Teabaggery and gold-buggery

Ron Paul’s “investment letter” illustrates an important source money source for wingnut pundits and websites.

So the latest bit of filth Ron Paul signed but says he didn’t write was a pitch for an “insider” investment newsletter warning of a “coming race war” and “the federal-homosexual cover-up on AIDS.”

This should presumably put “paid” next to the Ron Paul account and leave anti-Romney Republicans looking for yet another flavor of the month.

But there’s a broader point here, not raised in any of the coverage I’ve seen: the relationship between right-wing politics and pure con artistry.

The hard-core, true-wingnut, John-Birch-Society, Tea-Party faction of the GOP contains a disproportionate share of conspiracy believers; that’s one reason Glenn Beck appeals to them. Some of these folks are convinced that a ring of “insiders” knows what’s really happening, and can make profitable investments as a result.

So scammers like Dr. Paul can fleece these sheeple by promising to bring them the inside scoop that will allow them, too, to make a killing by buying or selling the right securities and commodities. After claiming that his terms in Congress left him with a network of “sources” from “House and Senate Committees, the White House, the Treasury, the Fed, the Justice Department, and even the IRS, Paul (or his ghostwriter) promised his intended victims:

… I give you the facts and analysis – and specific recommendations – you need to protect yourself, and dramatically increase your wealth, in the spastic economy of the 199os … as the only former high official to publish a financial letter, I supply facts and analysis available nowhere else.

The “investment letter” racket represents a substantial source of income for wingnut pundits and websites. And some of the fanaticism about returning to the gold standard comes from people who fantasize that their own Krugerrands will suddenly appreciate sharply as a result.

To my knowledge, there’s nothing even vaguely comparable on the other side of the aisle.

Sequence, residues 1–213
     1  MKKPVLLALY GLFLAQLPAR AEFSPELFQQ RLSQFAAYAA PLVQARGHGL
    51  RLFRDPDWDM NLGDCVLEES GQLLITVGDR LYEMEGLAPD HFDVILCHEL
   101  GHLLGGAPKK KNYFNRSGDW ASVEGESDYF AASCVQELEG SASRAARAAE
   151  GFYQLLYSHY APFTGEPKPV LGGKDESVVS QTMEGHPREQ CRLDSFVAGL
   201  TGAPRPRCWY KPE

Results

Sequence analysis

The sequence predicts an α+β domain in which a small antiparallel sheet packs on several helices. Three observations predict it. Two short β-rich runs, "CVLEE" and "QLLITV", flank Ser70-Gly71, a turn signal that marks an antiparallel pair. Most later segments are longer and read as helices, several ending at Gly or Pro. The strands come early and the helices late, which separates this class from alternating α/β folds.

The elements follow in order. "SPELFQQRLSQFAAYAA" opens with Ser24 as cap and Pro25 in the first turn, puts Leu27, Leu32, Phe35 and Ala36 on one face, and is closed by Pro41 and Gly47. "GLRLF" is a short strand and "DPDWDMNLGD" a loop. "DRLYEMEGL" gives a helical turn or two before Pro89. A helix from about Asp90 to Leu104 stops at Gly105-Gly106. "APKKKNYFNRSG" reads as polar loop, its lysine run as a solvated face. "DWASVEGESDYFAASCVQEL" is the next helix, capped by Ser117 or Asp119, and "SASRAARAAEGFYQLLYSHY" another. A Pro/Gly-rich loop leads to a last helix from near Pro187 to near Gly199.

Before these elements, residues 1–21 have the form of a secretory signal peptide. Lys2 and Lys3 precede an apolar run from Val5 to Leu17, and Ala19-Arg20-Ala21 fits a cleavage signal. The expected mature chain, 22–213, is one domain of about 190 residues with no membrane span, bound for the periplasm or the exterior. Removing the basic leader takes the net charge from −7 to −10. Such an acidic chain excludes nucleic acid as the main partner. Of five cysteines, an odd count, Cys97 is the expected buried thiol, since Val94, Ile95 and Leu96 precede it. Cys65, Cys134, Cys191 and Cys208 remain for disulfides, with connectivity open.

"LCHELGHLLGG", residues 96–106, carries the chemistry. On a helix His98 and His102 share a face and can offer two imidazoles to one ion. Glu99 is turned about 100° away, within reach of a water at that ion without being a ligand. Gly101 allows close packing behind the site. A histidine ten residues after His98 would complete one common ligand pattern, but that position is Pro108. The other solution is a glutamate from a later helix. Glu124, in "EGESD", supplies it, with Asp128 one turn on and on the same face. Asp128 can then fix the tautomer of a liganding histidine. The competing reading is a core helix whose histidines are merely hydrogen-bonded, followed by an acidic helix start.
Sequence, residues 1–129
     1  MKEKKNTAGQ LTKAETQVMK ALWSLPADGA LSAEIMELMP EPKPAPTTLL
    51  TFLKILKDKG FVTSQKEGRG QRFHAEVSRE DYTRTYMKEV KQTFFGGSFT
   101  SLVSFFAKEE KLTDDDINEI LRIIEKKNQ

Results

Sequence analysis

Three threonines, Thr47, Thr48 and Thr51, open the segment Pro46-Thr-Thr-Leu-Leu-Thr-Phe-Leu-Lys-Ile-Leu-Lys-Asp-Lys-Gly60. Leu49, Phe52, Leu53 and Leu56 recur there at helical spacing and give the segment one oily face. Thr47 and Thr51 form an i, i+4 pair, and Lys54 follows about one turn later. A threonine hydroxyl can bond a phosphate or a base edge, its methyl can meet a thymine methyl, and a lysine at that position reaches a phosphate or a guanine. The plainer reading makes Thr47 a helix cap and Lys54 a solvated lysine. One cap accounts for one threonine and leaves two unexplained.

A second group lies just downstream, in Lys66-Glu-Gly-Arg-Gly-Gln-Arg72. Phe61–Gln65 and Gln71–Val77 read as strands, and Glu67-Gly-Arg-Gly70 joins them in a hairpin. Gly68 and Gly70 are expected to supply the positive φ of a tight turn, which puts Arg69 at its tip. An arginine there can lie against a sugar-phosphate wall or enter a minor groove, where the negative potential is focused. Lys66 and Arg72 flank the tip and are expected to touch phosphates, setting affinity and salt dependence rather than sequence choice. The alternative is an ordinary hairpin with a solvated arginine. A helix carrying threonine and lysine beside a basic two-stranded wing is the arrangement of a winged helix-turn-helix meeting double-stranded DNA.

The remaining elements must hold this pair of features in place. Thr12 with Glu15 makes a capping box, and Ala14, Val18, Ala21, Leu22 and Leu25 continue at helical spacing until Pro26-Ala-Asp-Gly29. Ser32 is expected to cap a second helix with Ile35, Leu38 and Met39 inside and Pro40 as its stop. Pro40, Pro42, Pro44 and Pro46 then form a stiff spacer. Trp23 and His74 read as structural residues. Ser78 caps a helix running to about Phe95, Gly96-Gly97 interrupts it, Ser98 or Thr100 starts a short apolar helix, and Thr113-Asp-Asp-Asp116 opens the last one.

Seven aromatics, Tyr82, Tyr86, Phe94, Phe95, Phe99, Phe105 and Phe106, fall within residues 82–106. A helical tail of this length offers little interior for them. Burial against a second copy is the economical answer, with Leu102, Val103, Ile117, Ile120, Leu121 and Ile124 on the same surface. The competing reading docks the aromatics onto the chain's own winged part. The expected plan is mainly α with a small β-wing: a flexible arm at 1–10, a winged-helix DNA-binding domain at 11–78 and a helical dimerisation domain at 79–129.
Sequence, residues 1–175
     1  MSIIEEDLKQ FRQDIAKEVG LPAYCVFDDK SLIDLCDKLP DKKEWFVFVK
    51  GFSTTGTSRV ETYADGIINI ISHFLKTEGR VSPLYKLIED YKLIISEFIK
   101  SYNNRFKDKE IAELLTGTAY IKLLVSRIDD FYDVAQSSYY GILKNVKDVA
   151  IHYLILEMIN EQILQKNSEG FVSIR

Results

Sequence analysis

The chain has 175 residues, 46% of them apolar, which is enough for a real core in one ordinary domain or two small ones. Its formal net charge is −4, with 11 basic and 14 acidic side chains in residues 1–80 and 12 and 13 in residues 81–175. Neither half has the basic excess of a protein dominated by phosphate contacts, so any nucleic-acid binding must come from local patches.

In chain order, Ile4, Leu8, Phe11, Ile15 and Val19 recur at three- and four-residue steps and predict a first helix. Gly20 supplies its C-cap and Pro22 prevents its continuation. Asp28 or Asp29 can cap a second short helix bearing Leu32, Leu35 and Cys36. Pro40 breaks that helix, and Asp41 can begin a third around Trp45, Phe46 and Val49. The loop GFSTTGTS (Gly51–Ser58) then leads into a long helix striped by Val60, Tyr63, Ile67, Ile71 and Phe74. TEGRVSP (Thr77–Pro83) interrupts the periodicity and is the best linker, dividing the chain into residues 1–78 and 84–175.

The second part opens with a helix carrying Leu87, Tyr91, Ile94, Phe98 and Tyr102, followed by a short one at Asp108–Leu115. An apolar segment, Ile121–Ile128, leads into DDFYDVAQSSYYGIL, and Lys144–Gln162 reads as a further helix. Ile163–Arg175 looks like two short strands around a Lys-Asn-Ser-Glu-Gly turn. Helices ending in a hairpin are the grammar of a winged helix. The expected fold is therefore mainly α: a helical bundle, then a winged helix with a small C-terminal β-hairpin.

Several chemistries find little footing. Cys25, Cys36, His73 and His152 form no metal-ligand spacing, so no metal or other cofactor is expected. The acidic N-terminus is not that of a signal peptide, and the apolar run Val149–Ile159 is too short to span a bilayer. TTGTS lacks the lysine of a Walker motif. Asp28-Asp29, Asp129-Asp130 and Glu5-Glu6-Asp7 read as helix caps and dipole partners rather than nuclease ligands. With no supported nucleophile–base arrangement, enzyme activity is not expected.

Author: Mark Kleiman

Professor of Public Policy at the NYU Marron Institute for Urban Management and editor of the Journal of Drug Policy Analysis. Teaches about the methods of policy analysis about drug abuse control and crime control policy, working out the implications of two principles: that swift and certain sanctions don't have to be severe to be effective, and that well-designed threats usually don't have to be carried out. Books: Drugs and Drug Policy: What Everyone Needs to Know (with Jonathan Caulkins and Angela Hawken) When Brute Force Fails: How to Have Less Crime and Less Punishment (Princeton, 2009; named one of the "books of the year" by The Economist Against Excess: Drug Policy for Results (Basic, 1993) Marijuana: Costs of Abuse, Costs of Control (Greenwood, 1989) UCLA Homepage Curriculum Vitae Contact: Markarkleiman-at-gmail.com

11 thoughts on “Teabaggery and gold-buggery”

  1. Do you happen to know the date? I am also wondering about the authentication of the document. Neither is clear from the data available. I assume that there are multiple sources for the document and some hints as to its history. I assume that “President Bush” refers to Bush the First. This must have been written between 1989 and 1993, but there is much that is obscure regarding the facts surrounding this particular document.

    1. The letter is dated “Monday morning,” which you’ll have to admit is pretty precise. The news story dates it “about 1993.” The Paul campaign hasn’t tried to challenge the authenticity of the document, found in a university archive of political literature.